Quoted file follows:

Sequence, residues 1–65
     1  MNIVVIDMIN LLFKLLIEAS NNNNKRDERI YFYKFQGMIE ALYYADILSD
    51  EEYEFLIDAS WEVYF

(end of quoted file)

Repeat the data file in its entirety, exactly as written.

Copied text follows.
Sequence, residues 1–65
     1  MNIVVIDMIN LLFKLLIEAS NNNNKRDERI YFYKFQGMIE ALYYADILSD
    51  EEYEFLIDAS WEVYF